Anyone who grew up in the 1970s probably remembers Nadia Comaneci, a diminutive Romanian gymnast who wowed the world at the Montreal summer Olympics in 1976 when she became the first gymnast to ever be awarded a perfect score of 10.

Photo: Wikimedia Commons

She was, after the fame and popularity of that proud moment, credited for starting the coaching career of Bela Karolyi and popularizing the sport around the world.

The rest of the story is not so happy, however. More of us may remember (if vaguely) a terrible and sad series of scandals, tabloid headlines, and lawsuits.

Not all of us know how her story has turned out. After all the highs and lows and ups and downs, where is Nadia now? How is she doing? Read on to find out!

The Glory Years of the Olympics

Nadia’s mother enrolled her in gymnastics as a child because she was full of energy. She was noticed early by two up and coming coaches: Marta and Bela Karolyi, who were starting an experimental gymnastics school in the Soviet-controlled Romanian state and began attending in 1968. By 1971 she was the youngest gymnast to ever win the Romanian National competition.

Photo: Wikipedia

As we all know, in 1976, she wowed the world in Montreal with the first perfect 10 in gymnastics: a feat she repeated six more times over the course of the games. She was a phenom, and the world loved her graceful gymnastics, youthful energy and bright smile. Her world, however, was about to change.

Return to Romania and the Repressive Regime of Ceausescu

Back in Romania, Comaneci became a pawn of the dictatorial regime of Nicolae Ceausescu, who removed her from the Karolyis, her family, and her friends and sent her to train elsewhere. She was unhappy and put on weight. She fell from the uneven bars and was injured.

Photo: Wikipedia

Eventually, she was allowed to return to working with the Karolyis and was informed that she would tour the U.S. on a propaganda tour called “Nadia ’81.” She would tour the country on a bus with U.S. gymnasts, including U.S. gymnast Bart Conner, and the group would perform exhibitions.

On this tour, however, her coaches defected from Romania to the U.S. on the last day. This meant that when Comaneci returned home, her life was more strictly controlled than ever.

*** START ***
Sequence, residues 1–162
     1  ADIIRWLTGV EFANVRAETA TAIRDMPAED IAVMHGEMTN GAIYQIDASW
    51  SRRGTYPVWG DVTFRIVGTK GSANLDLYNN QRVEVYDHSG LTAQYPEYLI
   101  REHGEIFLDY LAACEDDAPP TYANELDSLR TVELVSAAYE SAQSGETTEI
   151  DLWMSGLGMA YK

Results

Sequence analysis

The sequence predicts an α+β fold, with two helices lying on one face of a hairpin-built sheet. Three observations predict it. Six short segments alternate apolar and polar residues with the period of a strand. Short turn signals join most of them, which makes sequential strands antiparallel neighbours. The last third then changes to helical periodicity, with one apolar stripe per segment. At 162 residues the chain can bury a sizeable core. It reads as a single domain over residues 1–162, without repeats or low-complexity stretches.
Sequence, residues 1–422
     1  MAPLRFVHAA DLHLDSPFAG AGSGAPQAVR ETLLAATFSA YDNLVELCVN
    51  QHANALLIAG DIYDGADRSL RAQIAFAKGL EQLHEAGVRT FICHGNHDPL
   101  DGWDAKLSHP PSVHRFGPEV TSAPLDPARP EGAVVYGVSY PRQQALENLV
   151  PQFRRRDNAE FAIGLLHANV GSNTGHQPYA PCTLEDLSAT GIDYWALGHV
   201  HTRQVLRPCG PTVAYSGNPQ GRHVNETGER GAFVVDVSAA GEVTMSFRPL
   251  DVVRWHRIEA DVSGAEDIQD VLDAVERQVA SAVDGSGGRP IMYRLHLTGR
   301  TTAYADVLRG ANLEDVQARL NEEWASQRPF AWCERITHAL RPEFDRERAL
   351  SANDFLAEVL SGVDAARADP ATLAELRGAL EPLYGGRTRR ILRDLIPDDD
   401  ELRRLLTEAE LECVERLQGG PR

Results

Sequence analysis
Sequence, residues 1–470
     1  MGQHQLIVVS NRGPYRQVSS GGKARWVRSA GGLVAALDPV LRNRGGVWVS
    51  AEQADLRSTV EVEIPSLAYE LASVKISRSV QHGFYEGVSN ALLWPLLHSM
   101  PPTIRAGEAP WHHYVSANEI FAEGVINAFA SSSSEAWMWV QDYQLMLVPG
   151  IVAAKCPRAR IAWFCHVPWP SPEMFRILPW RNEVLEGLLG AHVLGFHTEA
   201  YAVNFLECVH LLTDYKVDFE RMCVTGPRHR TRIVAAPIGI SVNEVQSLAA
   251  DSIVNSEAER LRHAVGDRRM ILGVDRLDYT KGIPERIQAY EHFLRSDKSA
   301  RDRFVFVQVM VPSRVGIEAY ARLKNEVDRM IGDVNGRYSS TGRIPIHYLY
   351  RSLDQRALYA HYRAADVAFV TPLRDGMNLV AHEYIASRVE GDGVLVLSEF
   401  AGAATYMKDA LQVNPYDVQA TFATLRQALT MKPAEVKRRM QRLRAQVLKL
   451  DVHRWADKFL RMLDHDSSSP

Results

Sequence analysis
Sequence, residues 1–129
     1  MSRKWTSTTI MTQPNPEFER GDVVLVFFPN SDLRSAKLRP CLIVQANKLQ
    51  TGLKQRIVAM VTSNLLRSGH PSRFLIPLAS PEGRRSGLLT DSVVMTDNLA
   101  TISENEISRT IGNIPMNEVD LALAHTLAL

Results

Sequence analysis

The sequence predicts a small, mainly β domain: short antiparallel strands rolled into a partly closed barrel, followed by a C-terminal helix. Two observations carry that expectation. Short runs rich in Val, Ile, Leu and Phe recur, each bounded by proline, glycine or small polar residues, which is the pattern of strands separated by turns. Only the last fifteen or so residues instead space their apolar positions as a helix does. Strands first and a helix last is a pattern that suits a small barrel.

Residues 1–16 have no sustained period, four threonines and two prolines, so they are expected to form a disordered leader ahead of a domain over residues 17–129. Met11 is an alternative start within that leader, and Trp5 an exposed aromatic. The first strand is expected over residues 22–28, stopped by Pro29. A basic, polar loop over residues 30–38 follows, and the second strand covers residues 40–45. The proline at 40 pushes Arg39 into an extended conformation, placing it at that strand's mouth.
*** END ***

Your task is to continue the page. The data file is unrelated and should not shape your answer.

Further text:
Constantin Panait and Nadia’s Defection

In 1989, Comaneci had enough of a miserable life in Romania and decided to escape. She had met a man, Constantin Panait, at a party, who said he could help. One night in November, he did, leading her and six other Romanians on foot to escape out of Romania.

Photo: Twitter/ @jamesjonesesq

When Comaneci arrived in the U.S., she thought she was going to live with Panait’s wife and children. The U.S. press thought he was her boyfriend. So when the press asked if she knew he had a wife, she famously said, “Yes, so what?” and a scandal ensued. This scandal made it very hard for her to leverage her fame to find work. Her limited English didn’t help either.

What didn’t help was that Panait took advantage of her limited English to control her business contacts and keep old friends and people who wanted to help from contacting her. Both gymnast Bart Conner and her old coach Bela Karolyi wanted to contact her and help, but Panait kept them away.

The Pat Sajak Show

Bart Conner was very worried about the bubbly, attractive young gymnast he had known but could not now contact. So when he heard that she was scheduled to make a television appearance, he wrangled an invite to the show as well. He did speak to Nadia and gave her his phone number in case she ever needed help, which turned out to be an important moment.

Help From Another Old Friend

The next part of the story is a bit murky. Comaneci’s friends are very clear that they believe that Panait, in the role of Comaneci’s “business manager,” hurt her financially, and they believe, physically and perhaps even sexually. The relationship, most all believe, was abusive.

Photo: Twitter/ @CDCHistory

What does seem clear is that in 1990, under the pretense of a job for Comaneci in Montreal, Bela Karolyi and another Romanian friend, Alexandru Stefu, invited Comaneci and Panait to Montreal to stay. When Comaneci left Stefu’s house to meet with the director of the Olympic stadium, Stefu had a talk with Panait. When Comaneci returned, he was gone, and she never saw him again. In her memoir, she says that he didn’t explain and she never heard from him again, after all those years under his control.

What did Stefu say? We don’t know. But Nadia was free.

A Wedding in Bucharest and Happily Ever After

Comaneci lived and worked happily in Montreal for about a year. During that time, Stefu threw her a surprise birthday party and invited Bart Conner. They started talking and renewed their friendship. They remained friends for several years, and after Stefu died in an accident, Comaneci moved to Oklahoma to work at Conner’s gymnastics school. Somewhere along the way, they became more than friends.

Photo: Twitter/ @URDailyHistory

Conner and Comaneci were married in 1996 in Bucharest, Romania. It was televised live nationally throughout the country, and their reception was held at the presidential palace. They now have a son named Dylan.

Today, Comaneci and Conner are still married and both work happily and successfully in the world of gymnastics. They own the Bart Conner Gymnastics Academy, the Perfect 10 Production Company and several sports equipment shops. They also are the editors of International Gymnast Magazine.